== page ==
“A Square Meal: A Culinary History of the Great Depression” by Jane Ziegelman and Andrew Coe
Review by Nicole Bianchi, NC
“Food Will Win the War,” was a slogan propagated by the U.S. Food Administration, as it provided fertilizer to American farmers, who in turn produced food for American troops during World War I.
The Allies were well fed. American soldiers consumed an average of 5,000 calories per day, while French and British troops consumed slightly fewer, at 4,000 calories per day. The Allied Forces defeated the Germans, who received barely enough sustenance to survive.
After the war, American soldiers returned stateside to parties and parades, where food was literally thrown at them in celebration. Oh, how things would change a little more than a decade later, when food would become scarce, malnutrition would become rampant, and breadlines would become long, as Americans endured the Great Depression.
Jane Ziegelman and Andrew Coe’s A Square Meal: A Culinary History of the Great Depression is a book about American food during the Great Depression, but the authors first give us a taste of the way life was before the Great Depression. The first two chapters contain descriptions of life just after the Industrial Revolution, post-WWI, the Roaring 20s and the ensuing “city drift.”
The “city drift” was the migration from Middle America’s farmland to the excitement of cities like New York. That migration, and its eventual reverse, helps Ziegelman and Coe take us on a geographical journey through America during the Great Depression. We go to urban America and then to coal country. We read stories of the Pacific Northwest and of national politics. The writers delve into two presidencies — those of Herbert Hoover and Franklin D. Roosevelt.
In the beginning of the book, we return time and again to America’s farmland, where, the soil is first described as rich and fertile. The land and those who worked it served as the bedrock of the country’s abundance.
But the colorful stories that open the book quickly relent to a sepia-toned middle and end. The reader settles in for the complicated, stark history of the early 1930s, of how economic, climate and political conditions co-created collapse and disaster. Even the rich farmland became a depleted dust bowl, and those in rural America — the agricultural foundation of our land of plenty — suffered as much as any other group of people during the Great Depression.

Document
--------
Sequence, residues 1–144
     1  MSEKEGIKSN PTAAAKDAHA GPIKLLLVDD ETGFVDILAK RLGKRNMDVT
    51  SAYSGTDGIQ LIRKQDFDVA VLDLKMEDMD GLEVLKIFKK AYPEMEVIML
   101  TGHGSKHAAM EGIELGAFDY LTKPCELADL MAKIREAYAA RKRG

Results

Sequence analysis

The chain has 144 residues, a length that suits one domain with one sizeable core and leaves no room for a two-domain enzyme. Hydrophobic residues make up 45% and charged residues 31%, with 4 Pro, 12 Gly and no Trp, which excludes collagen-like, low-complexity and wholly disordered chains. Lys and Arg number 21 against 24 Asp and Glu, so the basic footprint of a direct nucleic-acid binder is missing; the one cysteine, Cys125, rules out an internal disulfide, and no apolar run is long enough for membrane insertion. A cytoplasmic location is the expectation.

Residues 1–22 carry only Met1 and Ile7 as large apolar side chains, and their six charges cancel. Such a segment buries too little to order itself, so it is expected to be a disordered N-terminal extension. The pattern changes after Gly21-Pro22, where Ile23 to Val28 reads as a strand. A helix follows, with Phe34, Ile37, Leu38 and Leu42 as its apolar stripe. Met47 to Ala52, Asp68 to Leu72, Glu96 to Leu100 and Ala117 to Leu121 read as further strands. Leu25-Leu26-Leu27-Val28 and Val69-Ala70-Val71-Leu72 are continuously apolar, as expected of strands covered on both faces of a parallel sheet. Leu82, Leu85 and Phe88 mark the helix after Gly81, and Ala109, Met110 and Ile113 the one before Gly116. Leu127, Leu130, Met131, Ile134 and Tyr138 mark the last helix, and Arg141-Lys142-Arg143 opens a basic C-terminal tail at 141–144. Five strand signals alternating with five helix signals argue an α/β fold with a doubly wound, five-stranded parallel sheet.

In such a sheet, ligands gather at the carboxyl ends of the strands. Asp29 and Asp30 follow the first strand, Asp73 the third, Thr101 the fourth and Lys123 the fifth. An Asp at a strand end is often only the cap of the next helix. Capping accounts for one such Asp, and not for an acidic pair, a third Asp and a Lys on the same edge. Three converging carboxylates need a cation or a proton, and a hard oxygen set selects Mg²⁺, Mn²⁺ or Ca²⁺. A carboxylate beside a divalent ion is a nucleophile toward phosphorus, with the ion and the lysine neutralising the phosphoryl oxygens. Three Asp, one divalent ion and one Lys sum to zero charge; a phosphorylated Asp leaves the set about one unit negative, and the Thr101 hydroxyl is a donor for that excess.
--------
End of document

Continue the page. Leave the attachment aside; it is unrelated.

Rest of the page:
A Square Meal: A Culinary History of the Great Depression is a story about food and feminism as much as it is about the history of how food was influenced by war, science, commerce, culture, race relations and politics. After all, for most of its history, America’s food was prepared primarily by America’s women, and this book is full of stories about them. “The Wife of a Farmer,” who was “faded and work weary,” the readers of Good Housekeeping magazine, and the wives of U.S. Presidents all had an impact on domestic life and the country’s cuisine.
We are shown illustrations, photos and recipes of the era as well, and one of the most compelling visual aides is the daily time record of an American homemaker in the year 1928. She worked a 16-hour day; most of that time was in the kitchen, the heart of the home. But decades passed, kitchens got smaller and efficiency and economy became more valued than anything during the depression. This book offers a look at how these evolutions align, at least in part, with the degradation of a society or the women’s liberation movement, depending on who is talking about it.
The Great Depression also coincides with the advent of the science of nutrition as we know it today. Calories, macronutrients and vitamins became part of the national conversation as Americans faced debilitating nutritional deficiencies and diseases as a result food shortages. Getting nutrients quickly and economically prevailed over the enjoyment of seasonal, delicious cooking. Canned foods, fast foods, cheap foods, and tasteless foods were necessary evils.
Through the perils of the Great Depression, cooking and nourishment gave way to feeding and quantifying in American society. This book makes that point very early on. I am not sure we ever really came back from that place, which is one of the most compelling things about this book, even if it ultimately goes unsaid.
Nicole is a certified nutritionist who helps clients strategically develop food plans for themselves and their families according to their individual needs, situations, health challenges and preferences. She is inspired by the joy of fresh, whole foods and educates clients on the many benefits of optimal nutrition, including better digestion, more energy and emotional grounding utilizing macronutrients, micronutrients, phytonutrients and other vital factors. Nicole is trained in the Eating for Health® model, which embraces two powerful maxims —“food is the best medicine” and “know thyself.”